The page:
US5601947Jun 7, 1995Feb 11, 1997Moltech CorporationElectroactive high storage capacity polycarbon-sulfide materials and electrolytic cells containing same
US5690702Oct 7, 1996Nov 25, 1997Moltech CorporationMethod of making electroactive high storage capacity polycarbon-sulfide materials and electrolytic cells containing same
US5705689Jun 19, 1995Jan 6, 1998Associated Universities, Inc.Aza compounds as anion receptors
US5723230Feb 27, 1996Mar 3, 1998Yazaki CorporationOligosulfide type electrode material and secondary battery containing such electrode material
US5783330Sep 26, 1996Jul 21, 1998Yazaki CorporationSulfide compound containing oxadiazole ring
US5789585May 23, 1997Aug 4, 1998Brookhaven Science Associates LlcImproving conductivity of electrolytes in lithium batteries, complexing the anions
US5792575Sep 10, 1996Aug 11, 1998Yazaki CorporationLithium sulfur secondary battery and elecrode material for a non-aqueous battery
US5882819Sep 27, 1996Mar 16, 1999Yazaki CorporationSulfide-series electrode material and secondary battery with high energy density
US5935724Apr 4, 1997Aug 10, 1999Wilson Greatbatch Ltd.Electrochemical cell having multiplate electrodes with differing discharge rate regions
US5935728Apr 4, 1997Aug 10, 1999Wilson Greatbatch Ltd.Comprising both medium rate, constant discharge regions and high rate, pulse discharge regions within the same cell
US6117590Mar 2, 1998Sep 12, 2000Moltech CorporationElectroactive high storage capacity polyacetylene-co-polysulfur materials and electrolytic cells containing same
US6245465Oct 13, 1998Jun 12, 2001Moltech CorporationElectrolytes and electric currents with sulfones
US6248481 *Jan 7, 1999Jun 19, 2001Polyplus Battery Company, Inc.Overcharge protection systems for rechargeable batteries
GB1411270A Title not available
WO1998031065A1Jan 13, 1998Jul 16, 1998Chu May YingOvercharge protection systems for rechargeable batteries
WO1999019931A1Oct 6, 1998Apr 22, 1999Chu May YingLiquid electrolyte lithium-sulfur batteries
WO1999033125A1Dec 17, 1998Jul 1, 1999Steven A CarlsonSeparators for electrochemical cells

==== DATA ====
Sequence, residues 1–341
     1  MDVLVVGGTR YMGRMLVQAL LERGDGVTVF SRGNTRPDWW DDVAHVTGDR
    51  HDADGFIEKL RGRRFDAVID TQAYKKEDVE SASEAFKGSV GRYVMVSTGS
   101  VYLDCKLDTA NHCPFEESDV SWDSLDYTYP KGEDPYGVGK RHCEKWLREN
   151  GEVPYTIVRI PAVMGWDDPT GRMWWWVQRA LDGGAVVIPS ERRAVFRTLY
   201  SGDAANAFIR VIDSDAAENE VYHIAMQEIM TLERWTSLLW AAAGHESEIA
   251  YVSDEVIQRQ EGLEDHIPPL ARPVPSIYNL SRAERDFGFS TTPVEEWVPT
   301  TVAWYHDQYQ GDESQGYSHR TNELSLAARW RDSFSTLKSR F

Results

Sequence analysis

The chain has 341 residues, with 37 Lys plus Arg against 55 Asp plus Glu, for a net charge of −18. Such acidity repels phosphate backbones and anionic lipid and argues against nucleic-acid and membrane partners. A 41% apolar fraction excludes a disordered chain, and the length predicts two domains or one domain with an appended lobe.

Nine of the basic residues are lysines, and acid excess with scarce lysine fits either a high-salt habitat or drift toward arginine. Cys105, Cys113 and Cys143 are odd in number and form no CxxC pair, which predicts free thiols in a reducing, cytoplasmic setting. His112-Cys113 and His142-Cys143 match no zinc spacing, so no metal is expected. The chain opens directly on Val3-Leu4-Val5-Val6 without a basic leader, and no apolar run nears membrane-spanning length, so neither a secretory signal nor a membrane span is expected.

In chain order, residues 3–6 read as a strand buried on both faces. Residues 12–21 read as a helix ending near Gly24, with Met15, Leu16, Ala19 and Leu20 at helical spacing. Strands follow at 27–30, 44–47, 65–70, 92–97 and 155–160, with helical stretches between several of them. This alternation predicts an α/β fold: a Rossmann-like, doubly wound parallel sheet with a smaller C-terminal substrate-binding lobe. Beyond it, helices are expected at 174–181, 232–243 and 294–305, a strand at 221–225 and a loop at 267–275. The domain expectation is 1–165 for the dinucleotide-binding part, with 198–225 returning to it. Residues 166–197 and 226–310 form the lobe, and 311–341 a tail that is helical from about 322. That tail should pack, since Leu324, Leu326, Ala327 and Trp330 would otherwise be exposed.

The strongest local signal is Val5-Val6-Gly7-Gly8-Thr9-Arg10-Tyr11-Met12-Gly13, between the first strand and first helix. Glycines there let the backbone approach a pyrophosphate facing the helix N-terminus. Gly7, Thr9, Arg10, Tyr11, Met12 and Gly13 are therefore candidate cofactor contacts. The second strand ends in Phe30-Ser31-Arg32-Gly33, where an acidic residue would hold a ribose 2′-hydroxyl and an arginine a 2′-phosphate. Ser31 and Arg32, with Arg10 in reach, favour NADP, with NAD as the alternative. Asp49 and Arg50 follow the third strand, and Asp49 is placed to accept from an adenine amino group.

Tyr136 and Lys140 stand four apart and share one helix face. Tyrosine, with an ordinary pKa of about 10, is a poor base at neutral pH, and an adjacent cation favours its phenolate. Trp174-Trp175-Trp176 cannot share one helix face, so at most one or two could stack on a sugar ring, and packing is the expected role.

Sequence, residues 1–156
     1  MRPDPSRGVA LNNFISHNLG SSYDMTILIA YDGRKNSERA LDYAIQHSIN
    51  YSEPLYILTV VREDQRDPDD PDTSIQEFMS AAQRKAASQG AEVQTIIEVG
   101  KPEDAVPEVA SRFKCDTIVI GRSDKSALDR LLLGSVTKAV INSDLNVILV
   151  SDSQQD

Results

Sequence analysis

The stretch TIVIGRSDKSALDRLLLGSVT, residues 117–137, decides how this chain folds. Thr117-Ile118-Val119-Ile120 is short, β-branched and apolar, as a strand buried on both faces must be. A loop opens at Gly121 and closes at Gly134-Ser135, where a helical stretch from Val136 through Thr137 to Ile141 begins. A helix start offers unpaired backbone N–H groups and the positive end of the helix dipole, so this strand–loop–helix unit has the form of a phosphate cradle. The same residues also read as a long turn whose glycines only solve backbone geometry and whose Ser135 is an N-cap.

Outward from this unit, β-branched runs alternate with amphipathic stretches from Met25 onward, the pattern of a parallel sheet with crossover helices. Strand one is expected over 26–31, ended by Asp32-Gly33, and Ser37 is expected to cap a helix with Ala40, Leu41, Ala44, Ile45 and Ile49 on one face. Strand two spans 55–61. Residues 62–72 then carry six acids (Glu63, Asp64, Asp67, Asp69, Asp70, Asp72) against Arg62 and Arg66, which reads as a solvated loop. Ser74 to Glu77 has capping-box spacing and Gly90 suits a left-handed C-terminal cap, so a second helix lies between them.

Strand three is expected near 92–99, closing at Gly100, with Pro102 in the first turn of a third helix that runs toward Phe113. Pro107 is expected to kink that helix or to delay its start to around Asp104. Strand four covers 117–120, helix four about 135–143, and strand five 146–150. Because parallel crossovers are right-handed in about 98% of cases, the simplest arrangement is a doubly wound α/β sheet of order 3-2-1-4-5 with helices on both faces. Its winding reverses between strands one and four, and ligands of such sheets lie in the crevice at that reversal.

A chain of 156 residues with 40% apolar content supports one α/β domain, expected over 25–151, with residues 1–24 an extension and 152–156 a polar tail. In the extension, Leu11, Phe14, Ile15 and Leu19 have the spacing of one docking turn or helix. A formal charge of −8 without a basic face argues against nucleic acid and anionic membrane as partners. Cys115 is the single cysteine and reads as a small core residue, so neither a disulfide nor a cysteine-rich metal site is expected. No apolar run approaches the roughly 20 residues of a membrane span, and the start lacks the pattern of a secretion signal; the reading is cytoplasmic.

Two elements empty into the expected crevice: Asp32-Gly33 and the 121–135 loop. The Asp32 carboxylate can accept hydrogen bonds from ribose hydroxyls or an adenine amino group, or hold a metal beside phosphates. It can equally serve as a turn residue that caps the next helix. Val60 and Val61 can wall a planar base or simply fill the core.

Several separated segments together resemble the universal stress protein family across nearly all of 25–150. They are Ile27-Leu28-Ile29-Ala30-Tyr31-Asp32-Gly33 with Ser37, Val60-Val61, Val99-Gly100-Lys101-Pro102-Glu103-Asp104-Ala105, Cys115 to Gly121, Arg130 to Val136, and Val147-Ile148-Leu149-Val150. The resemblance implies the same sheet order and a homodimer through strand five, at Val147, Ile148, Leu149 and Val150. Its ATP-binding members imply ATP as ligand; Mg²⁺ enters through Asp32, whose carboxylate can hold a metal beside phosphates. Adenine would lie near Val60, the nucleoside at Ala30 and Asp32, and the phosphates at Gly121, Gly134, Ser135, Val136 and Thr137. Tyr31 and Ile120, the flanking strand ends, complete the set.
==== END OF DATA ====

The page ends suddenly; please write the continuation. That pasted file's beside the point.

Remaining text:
WO1999033130A1Dec 9, 1998Jul 1, 1999Moltech CorpElectroactive, energy-storing, highly crosslinked, polysulfide-containing, organic polymers for use in electrochemical cells
WO2000036678A2Dec 16, 1999Jun 22, 2000Moltech CorpMethods of preparing prismatic cells and prismatic cells prepared by such methods
WO2001035475A1Nov 10, 2000May 17, 2001Moltech CorpLithium primary batteries
Non-Patent Citations
Reference
1Alamgir et al., "Room Temperature Polymer Electrolytes", Lithium Batteries, New Materials, Developments and Perspectives, Chapter 3, pp. 93-136, Elsevier, Amsterdam (1994). (Month N/A).
2Dietrich, "Design of Anion Receptors: Applications", Pure & Appl. Chem., vol. 65, No. 7, pp. 1457-1464. (1993). (Month Unknown).
3Dominey, "Current State of the Art on Lithium Battery Electrolytes", Lithium Batteries, New Materials, Developments and Perspectives, Chapter 4, pp. 137-165, Elsevier, Amsterdam (1994). (Month N/A).
4Lee et al., "The Synthesis of a New Family of Boron-Based Anion Receptors and the Study of Their Effect on Ion Pair Dissociation and Conductivity of Lithium Salts in Nonaqueous Solutions", J. Electrochem. Soc., vol. 145, No. 8, pp. 2813-2818. (1998). (Aug.).
5Linden, Handbook of Batteries, 2nd edition, 14.44-14.47, McGraw-Hill, New York (1995). (Month Unknown).
6Linden, Handbook of Batteries, 2nd edition, 14.5-14.6, McGraw-Hill, New York (1995). (Month Unknown).
7Liu et al., "Electrochemical properties of organic disulfide/Thiolate Redox Couples", J. Electrochem. Soc., vol. 136, No. 9, pp. 2570-2575 (1989). (Sep.).
8Nishio et al., "Lithium Primary Batteries", Handbook of Battery Materials, Chapter 2, pp. 31-40, Elsevier, Amsterdam, (1999). (Month N/A).
9Patent Abstracts of Japan, "Organic Battery", pertaining to Publication No. JP 59009874, published Jan. 19, 1984.
10Peled et al., "Lithium-Sulfur Battery: Evaluation of Dioxolane-Based Electrolytes", J. Electrochem. Soc., vol. 136, No. 6, pp. 1621-1625 (1989). (Jun.).
11Tsutsumi et al., "New Type Polyamides Containing Disulfide Bonds for Positive Active Material of Energy Storage Batteries", Electrochimica Acta, vol. 40, No. 7, pp. 879-882 (1995). (Month Unknown).
12Visco et al., "A Novel Class of Organosulfur Electrodes for Energy Storage", J. Electrochem. Soc., vol. 136, No. 3, pp. 661-664 (1989). (Mar.).
13Visco et al., "Ambient Temperature High-Rate Lithium Organosulfur Batteries", J. Electrochem. Soc., vol. 137, No. 4, pp. 1191-1192 (1990). (Apr.).
14Yamin et al., "Low-Rate Lithium/Sulfur Organic Battery", Proc.-Electrochem. Soc., vol. 84-1 (Lithium Batteries), pp. 301-310 (1984). (Month Unknown).